I did have some motivation here - I had badly wanted to take a jewelry making course in college, but I was a chemistry major with a minor in math, and I could never fit the 2 prerequisite art classes in my hectic schedule filled with labs. That whole thing sank way back in my mind as I went about my life. Always did crafty things...was an avid knitter and was a fairly good tole painter. But those and all the other things that I dabbled in, never sucked up my life that way that jewelry has...I would do it 24/7 if I could.
I started out using good stones and precious metals. During my first trip to Tucson for the Gem and Bead Extravagancia held there every year, I got seduced by the beauty and versatility of Tibetan pendants and started incorporating them into my jewelry. Did very well with those necklaces for a long time and then I walked into two of my best boutiques and there were necklaces that looked exactly like mine, down to some of the same pendants, but they weren't mine. I know that imitation is the sincerest form of flattery, but don't try to sell them in the same store where you stole the idea...that approaches tacky!! !
At about this same time, the bottom fell out of the economy here...I sold absolutely nothing for almost 3 months and knew that I could continue the way I had been going,go broke, or I could try some new things. I didn't have allot to invest, because I hadn't sold anything, but this is where I discovered resin - colorful and cheap...is there a better combination???? I also found annealed steel wire, which you can buy in the hardware store for next to nothing. Unfortunately, I also discovered Swarovski crystals at this time - which are also colorful, but not cheap - but I loved the combination with the steel and the resin - they dress the resin up and they do incredible things for the steel wire.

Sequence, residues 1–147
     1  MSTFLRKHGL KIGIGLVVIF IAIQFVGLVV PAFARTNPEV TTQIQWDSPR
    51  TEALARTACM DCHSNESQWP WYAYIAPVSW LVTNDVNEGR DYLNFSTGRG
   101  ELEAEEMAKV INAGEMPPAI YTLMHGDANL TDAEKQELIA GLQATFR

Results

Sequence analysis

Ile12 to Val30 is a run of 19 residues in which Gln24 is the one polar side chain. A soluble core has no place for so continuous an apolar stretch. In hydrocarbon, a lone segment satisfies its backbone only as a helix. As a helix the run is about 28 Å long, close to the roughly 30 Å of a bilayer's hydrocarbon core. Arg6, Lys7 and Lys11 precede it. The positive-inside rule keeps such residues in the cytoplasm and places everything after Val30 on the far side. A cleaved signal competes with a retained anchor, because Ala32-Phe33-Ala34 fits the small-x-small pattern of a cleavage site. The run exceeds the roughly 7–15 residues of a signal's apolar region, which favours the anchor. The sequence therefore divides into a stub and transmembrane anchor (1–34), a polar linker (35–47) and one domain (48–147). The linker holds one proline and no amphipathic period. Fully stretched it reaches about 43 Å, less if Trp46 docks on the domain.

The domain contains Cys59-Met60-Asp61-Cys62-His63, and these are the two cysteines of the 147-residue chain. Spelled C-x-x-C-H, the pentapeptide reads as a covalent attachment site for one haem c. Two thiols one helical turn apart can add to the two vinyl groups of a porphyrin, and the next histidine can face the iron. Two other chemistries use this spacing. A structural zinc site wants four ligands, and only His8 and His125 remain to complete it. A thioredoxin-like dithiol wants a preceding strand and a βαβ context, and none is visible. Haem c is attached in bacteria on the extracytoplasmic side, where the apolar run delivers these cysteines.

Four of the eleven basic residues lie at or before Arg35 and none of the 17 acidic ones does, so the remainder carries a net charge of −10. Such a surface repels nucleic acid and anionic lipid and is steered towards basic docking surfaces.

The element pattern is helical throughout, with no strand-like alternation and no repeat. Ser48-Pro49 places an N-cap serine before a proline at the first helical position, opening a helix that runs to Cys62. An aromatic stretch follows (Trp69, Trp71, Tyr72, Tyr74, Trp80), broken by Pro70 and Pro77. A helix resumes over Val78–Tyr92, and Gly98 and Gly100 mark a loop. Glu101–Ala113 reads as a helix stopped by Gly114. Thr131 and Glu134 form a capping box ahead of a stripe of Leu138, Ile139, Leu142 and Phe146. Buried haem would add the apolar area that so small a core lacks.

To me, these are not just attractive pieces of jewelry but they are fun, colorful and unique. The Swarovski makes all four of these special and different, they're combinations that aren't often seen. The resin pieces have been selling like hot cakes and they have a great price point, people are buying and often buying more than one piece at a time. The annealed steel does not have as good a track record, because most of my shop owners don't like it, so they don't carry it, but the one that does has sold a few pieces and I love the medium so much I will keep plugging away with it. Either way, these are vastly different from the tradition stone, or pearl and precious metal that I was doing. I am using plated silver or gunmetal to finish these , so that also helps keep the costs down.
In my first jewelry life, I made beautiful, expensive jewelry and I did truly love what I made but, I knew with the economic climate here that not only did I need to change what I made, I needed to lower my price point. The boutiques that carry my jewelry are VERY high end, and they were having problems selling their clothing and jewelry wasn't moving at all. These well to do women had the real thing jewelry wise, and they weren't about to spend their dwindling allowances for high priced bling. I changed directions for a number of reasons, mostly because I wasn't selling and I was being copied, but also I needed to get the attention of these women again. I am really excited about where my journey has taken me. I think that change is good for all of us and helps us to grow...I hate to admit it, but I usually fight any kind of change...but not this time and it has really paid off for me and my Artfire shop